Over the course of the past couple of years, Netflix has slowly began its rise to the top in terms of generating highly original ideas in the world of television production. Keeping the success of programs like Orange is the New Black and Stranger Things in mind, it has become quickly apparent that there is a brand new player cornering the market that used to be dominated by outstanding cable networks that have been in operation for several decades.

As Netflix continues to develop original programming outside of the standard structure of TV broadcasting, other television studios will no doubt begin to feel a little encroached upon. On that note, the latest word has it that 21st Century Fox is currently going to court against Netflix for allegedly poaching former executives.

According to THR, Fox is suing Netflix for instigating a “brazen campaign to unlawfully target, recruit, and poach valuable Fox executives by illegally inducing them to break their employment contracts with Fox to work at Netflix.” The lawsuit follows the recent move of former Fox programming executive Tara Flynn and marketing executive Marcos Waltenberg over to comparable positions at Netflix. According to Flynn and Waltenberg’s respective contracts with Fox, the two executives were allegedly obligated to work for the former studio through 2019 and 2018. Speaking to the legal action, Fox made the following statement:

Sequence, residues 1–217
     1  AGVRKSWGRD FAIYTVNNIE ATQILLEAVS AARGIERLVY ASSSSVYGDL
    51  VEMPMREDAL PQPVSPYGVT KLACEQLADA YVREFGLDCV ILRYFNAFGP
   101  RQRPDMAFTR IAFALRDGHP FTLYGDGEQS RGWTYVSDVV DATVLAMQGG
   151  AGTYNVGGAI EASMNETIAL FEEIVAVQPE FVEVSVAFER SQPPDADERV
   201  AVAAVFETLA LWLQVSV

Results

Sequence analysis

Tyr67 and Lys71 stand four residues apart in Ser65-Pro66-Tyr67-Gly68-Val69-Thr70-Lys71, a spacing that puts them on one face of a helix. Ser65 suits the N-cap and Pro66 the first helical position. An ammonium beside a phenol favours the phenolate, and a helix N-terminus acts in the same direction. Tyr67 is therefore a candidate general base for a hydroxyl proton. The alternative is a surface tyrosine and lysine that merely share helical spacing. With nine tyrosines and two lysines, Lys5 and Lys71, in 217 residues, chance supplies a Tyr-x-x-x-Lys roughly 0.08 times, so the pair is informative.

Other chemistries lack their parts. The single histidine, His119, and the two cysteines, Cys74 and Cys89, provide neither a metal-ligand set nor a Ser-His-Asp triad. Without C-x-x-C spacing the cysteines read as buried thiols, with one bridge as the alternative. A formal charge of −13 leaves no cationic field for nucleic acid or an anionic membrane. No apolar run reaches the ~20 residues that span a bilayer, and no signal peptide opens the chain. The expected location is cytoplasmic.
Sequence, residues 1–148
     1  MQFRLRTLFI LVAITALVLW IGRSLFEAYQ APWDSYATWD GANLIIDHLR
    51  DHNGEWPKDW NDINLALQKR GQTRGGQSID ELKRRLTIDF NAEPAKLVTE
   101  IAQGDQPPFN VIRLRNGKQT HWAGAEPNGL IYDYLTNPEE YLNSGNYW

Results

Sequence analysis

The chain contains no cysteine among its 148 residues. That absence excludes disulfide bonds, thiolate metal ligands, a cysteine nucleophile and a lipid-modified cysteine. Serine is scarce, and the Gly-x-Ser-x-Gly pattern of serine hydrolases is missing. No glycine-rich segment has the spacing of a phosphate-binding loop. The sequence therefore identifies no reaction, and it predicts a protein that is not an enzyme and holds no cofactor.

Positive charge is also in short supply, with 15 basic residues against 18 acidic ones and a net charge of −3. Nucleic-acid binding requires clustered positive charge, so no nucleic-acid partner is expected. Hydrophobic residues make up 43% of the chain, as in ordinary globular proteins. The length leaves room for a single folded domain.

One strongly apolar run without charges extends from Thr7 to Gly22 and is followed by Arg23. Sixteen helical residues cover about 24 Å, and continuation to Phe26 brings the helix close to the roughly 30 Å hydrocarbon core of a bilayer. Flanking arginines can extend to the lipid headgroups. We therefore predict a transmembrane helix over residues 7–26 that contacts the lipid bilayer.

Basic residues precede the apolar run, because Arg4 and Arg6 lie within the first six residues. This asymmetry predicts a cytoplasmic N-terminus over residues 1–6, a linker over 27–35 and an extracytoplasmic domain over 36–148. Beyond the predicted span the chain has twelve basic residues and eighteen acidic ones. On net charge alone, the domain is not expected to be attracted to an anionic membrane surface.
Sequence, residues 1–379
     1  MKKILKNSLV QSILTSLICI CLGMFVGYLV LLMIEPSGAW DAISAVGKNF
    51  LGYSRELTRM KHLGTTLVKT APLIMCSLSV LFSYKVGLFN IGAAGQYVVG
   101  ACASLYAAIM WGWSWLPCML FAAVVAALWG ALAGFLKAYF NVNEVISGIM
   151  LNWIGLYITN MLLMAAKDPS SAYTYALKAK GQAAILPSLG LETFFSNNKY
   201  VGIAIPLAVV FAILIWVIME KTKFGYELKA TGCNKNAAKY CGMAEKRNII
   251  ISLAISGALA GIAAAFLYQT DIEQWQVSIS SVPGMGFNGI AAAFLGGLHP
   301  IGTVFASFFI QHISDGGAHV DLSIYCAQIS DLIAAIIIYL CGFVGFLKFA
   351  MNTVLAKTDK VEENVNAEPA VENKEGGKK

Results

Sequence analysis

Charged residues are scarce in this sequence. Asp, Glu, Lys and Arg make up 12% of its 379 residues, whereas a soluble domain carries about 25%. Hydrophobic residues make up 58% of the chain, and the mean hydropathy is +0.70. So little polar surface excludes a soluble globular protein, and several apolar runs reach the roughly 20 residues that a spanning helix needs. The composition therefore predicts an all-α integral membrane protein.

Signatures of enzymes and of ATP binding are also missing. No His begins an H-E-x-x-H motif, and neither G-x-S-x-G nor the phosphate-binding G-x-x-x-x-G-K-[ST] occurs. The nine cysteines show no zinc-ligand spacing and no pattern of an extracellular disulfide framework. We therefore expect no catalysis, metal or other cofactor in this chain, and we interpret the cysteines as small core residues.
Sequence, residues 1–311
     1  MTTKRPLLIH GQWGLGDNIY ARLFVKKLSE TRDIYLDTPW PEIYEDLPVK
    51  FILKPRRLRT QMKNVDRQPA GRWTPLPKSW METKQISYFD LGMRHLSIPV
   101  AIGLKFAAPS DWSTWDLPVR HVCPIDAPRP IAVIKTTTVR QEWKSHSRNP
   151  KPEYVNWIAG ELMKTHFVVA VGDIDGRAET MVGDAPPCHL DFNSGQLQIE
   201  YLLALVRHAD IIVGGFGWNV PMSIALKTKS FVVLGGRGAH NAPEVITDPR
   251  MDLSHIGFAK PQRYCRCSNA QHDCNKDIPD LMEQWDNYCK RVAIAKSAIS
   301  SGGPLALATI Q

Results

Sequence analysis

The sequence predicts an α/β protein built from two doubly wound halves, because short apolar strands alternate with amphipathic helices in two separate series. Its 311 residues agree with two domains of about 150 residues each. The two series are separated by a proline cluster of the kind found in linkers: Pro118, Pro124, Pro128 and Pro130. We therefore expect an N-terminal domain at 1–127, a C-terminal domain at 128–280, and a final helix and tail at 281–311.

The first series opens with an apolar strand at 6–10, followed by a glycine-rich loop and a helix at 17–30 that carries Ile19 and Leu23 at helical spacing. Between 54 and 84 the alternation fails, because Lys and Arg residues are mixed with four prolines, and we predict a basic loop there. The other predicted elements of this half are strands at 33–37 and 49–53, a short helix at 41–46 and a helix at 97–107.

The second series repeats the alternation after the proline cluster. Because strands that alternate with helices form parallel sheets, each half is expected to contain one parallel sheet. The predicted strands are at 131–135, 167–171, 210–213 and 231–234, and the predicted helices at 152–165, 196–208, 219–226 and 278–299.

“We filed this lawsuit because we believe Netflix is defiantly flouting the law by soliciting and inducing employees to break their contracts. We intend to seek all available remedies to enforce our rights and hold Netflix accountable for its wrongful behavior.”

Stranger Things Season 1 Winona Ryder Fox is Suing Netflix for Allegedly Poaching Employees


The notion that Netflix might take it upon themselves to entice executives from other networks to work for them in breach of preexisting contracts is a troubling one. It also adds fuel to the fire that has many TV studios worried that the rise of an online streaming service like Netflix could result in a content monopoly. In response to the claims filed against them by Fox, Netflix issued a statement that reads:

“We intend to defend this lawsuit vigorously. We do not believe Fox’s use of fixed term employment contracts in this manner are enforceable. We believe in employee mobility and will fight for the right to hire great colleagues no matter where they work.”

The fallout from a case such as this one is big news when it comes to how the television industry will evolve and adapt to the rise of online streaming networks in the future – and might just signal the death knell of broadcast TV in general. Only time will tell who will come out on top – though based on the quality of content that Netflix has been able to produce of late, it might just be the tipping point of a much larger issue.

Source: THR